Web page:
The welding rod would be pretty expensive.

Other Ni-Cr alloys are used for corrosion resistant / high temperature electrical wire (max 20% cr.) for example in heating elements.

Another example of a eutectic alloy is electrical solder (but not plumbing solder).
 

Joseph_Locke

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Stainless Steel has relatively poor thermal and electrical conductivity compared to most metals or alloys (copper Aluminium or regular steels) and weld deposited isn't likely to be that hard (or therefore have good wear resistance), indeed it is likely to be softer than the normal rail steel.

Given what other are sayings it sounds like they are using a eutectic composition nickel chrome alloy (Ni53% Cr47% possibly with a small amount of other additives such as silicon) which would be much harder as weld deposited in situ than rail steel (x2?) and has excellent corrosion resistance, wear resistance and electrical conductivity. The eutectic composition would have been specifically chosen for the ability to produce high quality insitu welds easily (quite tricky as the rails suck the heat out too quickly - far less of a problem for a eutectic composition).

The welding rod would be pretty expensive.

Other Ni-Cr alloys are used for corrosion resistant / high temperature electrical wire (max 20% cr.) for example in heating elements.

Another example of a eutectic alloy is electrical solder (but not plumbing solder).

In 24 years that's the best explanation I've ever heard - thank you!
 

Trog

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Sounds good to me too, although another option could be that the strips were originally made with a eutectic alloy, and the name has stuck in a more generic fashion the same way Dyson make hoovers.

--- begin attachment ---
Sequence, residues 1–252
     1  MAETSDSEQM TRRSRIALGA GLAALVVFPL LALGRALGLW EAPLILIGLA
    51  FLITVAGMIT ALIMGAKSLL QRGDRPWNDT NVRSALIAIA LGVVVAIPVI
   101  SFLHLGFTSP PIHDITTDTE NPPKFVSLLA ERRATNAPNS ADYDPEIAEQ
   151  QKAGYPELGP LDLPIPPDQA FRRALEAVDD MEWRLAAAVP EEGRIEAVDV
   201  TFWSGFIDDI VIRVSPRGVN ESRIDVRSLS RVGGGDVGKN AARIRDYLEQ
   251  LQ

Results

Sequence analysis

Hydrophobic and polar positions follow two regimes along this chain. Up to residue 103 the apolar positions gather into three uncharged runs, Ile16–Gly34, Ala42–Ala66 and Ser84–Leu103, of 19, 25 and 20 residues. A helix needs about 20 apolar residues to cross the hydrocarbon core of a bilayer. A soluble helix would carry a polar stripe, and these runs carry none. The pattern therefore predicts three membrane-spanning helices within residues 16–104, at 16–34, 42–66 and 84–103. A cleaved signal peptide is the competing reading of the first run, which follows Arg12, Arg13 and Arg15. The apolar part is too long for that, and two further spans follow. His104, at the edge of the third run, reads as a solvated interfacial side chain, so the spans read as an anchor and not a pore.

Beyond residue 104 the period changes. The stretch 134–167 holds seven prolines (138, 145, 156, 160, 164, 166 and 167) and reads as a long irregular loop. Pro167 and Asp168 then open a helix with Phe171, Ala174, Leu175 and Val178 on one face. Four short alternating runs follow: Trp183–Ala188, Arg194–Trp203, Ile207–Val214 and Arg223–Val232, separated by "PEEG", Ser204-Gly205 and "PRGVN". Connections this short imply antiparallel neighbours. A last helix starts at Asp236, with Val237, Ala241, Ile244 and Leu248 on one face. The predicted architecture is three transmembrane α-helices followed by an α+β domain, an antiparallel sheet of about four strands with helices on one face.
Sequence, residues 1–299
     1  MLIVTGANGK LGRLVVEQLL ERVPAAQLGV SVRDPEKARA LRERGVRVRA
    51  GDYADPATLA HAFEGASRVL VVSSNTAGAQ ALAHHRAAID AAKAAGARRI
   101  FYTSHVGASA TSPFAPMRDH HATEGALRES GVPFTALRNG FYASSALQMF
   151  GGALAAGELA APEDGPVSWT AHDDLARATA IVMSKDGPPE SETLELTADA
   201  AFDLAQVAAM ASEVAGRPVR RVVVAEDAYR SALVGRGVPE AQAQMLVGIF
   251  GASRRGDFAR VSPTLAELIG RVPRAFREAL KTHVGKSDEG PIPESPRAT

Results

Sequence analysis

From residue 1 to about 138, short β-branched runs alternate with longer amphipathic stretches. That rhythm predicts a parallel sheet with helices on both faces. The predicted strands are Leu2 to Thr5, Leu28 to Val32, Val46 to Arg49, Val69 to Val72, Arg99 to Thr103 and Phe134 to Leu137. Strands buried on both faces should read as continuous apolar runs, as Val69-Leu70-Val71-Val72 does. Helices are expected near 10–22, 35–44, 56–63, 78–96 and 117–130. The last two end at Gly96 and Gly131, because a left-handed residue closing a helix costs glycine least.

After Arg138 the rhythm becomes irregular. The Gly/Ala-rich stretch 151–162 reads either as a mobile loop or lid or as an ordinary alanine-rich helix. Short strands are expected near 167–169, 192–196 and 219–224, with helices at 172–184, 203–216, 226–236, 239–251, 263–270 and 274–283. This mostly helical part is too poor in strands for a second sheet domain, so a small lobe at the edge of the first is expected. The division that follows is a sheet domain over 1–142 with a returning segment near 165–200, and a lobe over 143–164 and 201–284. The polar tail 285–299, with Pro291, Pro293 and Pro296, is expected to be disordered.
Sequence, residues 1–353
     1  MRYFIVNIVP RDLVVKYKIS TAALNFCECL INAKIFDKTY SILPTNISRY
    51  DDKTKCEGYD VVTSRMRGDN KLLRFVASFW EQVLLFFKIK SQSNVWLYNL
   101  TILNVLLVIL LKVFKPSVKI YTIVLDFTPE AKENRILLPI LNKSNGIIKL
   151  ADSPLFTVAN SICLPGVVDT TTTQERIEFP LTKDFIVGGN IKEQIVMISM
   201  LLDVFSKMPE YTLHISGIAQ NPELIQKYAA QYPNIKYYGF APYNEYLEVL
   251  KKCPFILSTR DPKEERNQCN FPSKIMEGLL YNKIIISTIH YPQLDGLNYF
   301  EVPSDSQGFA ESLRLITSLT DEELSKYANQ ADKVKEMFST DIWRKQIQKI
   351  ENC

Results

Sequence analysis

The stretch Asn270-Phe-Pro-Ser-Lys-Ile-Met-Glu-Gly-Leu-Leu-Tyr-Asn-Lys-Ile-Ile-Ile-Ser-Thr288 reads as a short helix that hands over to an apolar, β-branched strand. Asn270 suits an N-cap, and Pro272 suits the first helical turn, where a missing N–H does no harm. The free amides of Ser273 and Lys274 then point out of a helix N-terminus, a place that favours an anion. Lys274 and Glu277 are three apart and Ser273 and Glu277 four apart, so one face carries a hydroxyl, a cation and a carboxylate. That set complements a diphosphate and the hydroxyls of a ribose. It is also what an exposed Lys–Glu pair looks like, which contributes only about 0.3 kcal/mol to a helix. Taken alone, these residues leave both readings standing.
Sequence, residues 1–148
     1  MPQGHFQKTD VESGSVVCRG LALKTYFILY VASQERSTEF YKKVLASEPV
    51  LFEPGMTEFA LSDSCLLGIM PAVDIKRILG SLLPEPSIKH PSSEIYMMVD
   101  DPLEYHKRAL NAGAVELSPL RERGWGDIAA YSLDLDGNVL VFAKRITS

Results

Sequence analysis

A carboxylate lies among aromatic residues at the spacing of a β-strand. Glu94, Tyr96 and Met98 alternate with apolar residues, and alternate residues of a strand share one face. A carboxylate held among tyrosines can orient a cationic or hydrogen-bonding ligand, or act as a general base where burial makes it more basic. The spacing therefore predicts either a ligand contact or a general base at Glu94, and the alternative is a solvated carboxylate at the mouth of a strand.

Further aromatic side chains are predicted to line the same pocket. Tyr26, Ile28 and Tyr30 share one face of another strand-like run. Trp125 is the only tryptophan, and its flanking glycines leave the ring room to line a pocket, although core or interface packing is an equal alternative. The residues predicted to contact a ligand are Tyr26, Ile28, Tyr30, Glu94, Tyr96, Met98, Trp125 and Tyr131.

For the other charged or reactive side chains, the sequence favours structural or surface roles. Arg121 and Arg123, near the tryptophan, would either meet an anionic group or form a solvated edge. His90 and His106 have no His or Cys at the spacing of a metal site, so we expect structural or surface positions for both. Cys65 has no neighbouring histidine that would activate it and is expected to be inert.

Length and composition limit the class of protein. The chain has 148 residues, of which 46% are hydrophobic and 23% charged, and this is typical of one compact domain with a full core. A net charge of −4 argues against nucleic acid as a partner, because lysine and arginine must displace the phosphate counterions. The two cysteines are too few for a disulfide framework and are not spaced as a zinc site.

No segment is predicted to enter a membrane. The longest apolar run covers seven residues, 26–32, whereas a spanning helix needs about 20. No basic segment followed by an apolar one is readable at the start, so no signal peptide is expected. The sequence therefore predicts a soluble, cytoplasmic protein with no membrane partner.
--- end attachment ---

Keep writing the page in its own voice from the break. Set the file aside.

hwl

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Sounds good to me too, although another option could be that the strips were originally made with a eutectic alloy, and the name has stuck in a more generic fashion the same way Dyson make hoovers.

Possible but unlikely, though i'll keep an open mind.
[I originally had a metallurgy and mech eng background (completely non railway)]
Both Stainless and the eutectic alloy would be Arc weldable.
Having used P8 at York twice a fortnight for the last 3 years and having stared at the wavy line that kicked this thing off wondering what it purpose was and why the stuff was significantly harder than the rail steel (given the wear pattern (or comparative lack of wear on the strip!) which doesn't align with stainless. If it were stainless it would probably be 308L welding rod which is pretty soft and wears easily.
The welding rod cost for doing the job with stainless (assuming zero losses) is ~£450 which even with lots of labour is barely going to break 5 digit cost , custom eutectic rods on the other hand would get to 5 digits without labour, which seems to align better with eye watering costs described.
Going back to the dark ages, it would also be possible to apply the eutectic with an OA torch but not the stainless.

Will try to take some more photos on Friday.